On her answering machine, I mean. The one at home that stores messages forever, or until it gets full and you have to erase some so you can get new messages. Like us, she and her husband have a habit of listening to messages as they pass by on their way to the fridge after work, but not pausing to wipe them off the machine until they see the memory is almost maxed out.
Her mother lived in North Carolina, a fair distance from us here in Montana. She was diagnosed with stomach cancer a year and a half ago and passed away in August. The messages she left were all in her usual abrupt tone. “Just wanted to talk to you.” “Still trying to reach you.” “Waiting for you to call back.” Not exactly ripe with sentiment, but still…it was her mother’s voice. And now she’s gone. But short of buying a new answering machine and storing the old one in the closet, what do you do?
There is nothing pretty or convenient about terminal cancer. In a very real way, though, it allowed this strong-willed lady the option of making her exit on her terms. She was given the opportunity to reconnect with the daughter she’d held at arm’s length for decades. Her husband had left all of their monthly bills and household operations up to her, so she had plenty of time to train him and her daughter in how it should be done properly, because why let something as insignificant as dying stop her from running his life?
Then she set about making her remaining farewells. A bit disconcerting for those who hadn’t spoken with her for a while and didn’t know of her illness to suddenly have Mary Beth on the phone saying, “Well, it looks like I’ll be gone by the end of the week, just wanted to say good-bye.”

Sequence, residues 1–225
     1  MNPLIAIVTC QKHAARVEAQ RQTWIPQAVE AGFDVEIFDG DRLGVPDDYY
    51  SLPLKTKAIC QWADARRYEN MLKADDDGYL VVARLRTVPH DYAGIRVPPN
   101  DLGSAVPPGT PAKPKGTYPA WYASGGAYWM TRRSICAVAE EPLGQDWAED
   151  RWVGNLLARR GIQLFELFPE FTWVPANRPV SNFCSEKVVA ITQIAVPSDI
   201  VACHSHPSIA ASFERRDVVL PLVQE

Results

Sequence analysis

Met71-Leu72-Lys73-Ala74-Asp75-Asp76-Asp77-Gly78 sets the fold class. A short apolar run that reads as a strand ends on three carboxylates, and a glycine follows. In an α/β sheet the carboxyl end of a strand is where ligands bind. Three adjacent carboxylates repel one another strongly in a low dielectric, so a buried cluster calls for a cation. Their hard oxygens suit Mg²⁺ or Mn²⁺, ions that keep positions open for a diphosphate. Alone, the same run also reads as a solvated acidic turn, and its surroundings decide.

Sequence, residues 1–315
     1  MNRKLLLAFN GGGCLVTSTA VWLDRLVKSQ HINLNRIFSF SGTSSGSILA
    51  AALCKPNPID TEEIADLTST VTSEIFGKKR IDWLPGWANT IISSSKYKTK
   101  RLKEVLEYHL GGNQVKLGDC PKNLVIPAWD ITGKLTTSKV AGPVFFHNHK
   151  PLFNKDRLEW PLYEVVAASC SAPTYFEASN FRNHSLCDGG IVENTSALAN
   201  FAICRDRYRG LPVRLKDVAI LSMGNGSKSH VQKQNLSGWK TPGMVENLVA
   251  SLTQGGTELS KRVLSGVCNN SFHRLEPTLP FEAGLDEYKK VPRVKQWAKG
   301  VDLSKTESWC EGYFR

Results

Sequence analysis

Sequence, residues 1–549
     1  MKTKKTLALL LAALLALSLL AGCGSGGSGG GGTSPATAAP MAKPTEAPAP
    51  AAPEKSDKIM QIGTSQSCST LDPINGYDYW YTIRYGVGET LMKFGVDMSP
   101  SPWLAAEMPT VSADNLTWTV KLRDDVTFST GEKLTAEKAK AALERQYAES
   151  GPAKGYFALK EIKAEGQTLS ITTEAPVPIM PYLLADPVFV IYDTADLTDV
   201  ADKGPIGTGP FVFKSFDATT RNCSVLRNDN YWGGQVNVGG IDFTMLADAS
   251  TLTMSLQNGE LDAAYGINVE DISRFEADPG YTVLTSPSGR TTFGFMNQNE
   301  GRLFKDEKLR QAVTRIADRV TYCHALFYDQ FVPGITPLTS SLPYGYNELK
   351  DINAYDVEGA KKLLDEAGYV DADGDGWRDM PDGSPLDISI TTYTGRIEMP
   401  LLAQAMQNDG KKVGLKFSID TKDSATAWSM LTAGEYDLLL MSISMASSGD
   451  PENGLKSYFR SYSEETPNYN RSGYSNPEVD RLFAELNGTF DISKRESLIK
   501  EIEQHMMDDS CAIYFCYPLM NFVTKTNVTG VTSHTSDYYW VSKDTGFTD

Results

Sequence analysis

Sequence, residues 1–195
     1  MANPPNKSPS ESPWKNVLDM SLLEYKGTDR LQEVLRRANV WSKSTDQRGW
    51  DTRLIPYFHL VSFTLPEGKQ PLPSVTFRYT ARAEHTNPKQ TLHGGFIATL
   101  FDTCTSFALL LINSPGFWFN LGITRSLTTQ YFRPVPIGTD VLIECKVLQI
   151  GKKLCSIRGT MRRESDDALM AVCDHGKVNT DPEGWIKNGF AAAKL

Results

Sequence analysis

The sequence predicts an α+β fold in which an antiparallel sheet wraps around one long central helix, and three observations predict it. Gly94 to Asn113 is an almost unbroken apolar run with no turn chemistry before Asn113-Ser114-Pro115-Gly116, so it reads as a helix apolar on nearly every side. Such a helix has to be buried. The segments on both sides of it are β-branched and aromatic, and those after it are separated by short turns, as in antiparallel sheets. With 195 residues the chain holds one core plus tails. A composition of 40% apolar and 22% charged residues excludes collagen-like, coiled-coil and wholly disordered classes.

From her recliner in the living room she snapped out orders, marching her spouse and sole offspring through the process of ruthlessly culling the clothes in her closet and boxes of books in the basement, shuffling through reams of stored papers, until she was satisfied that her affairs were in order. Reduced to a diet of liquid nutrients, she was able to choose when she checked out simply by no longer enduring the agonizing pain caused by forcing anything into her ravaged digestive system. When she made to decision to stop eating, she called the funeral home and made necessary arrangements, though she was quite perturbed that the doctors weren’t able to tell her exactly how long she’d hang on so she didn’t know what day to tell the undertaker to pick her up.
For this woman a lingering farewell, though physically tortuous, was the perfect emotional closure. On the other extreme is my uncle. At the age of eighty, he spent the morning sorting cattle. Then he went into the house, kissed his wife, grabbed a cup of coffee, sat down at his desk in front of a picture window with a full view of the Rocky Mountains and quietly died of a heart attack. For him, though abrupt, also the perfect exit.
We’re all going to die. I figure the best we can hope for is to depart with some sort of grace and try not to leave a mess for everyone else to clean up. Which brings me back to my co-worker, who deleted those voice messages because she knew exactly what her ever-so-practical mother would say.
“Oh, for pity’s sake. Why would you want me cluttering up your answering machine?”
Kari Lynn Dell – Montana for Real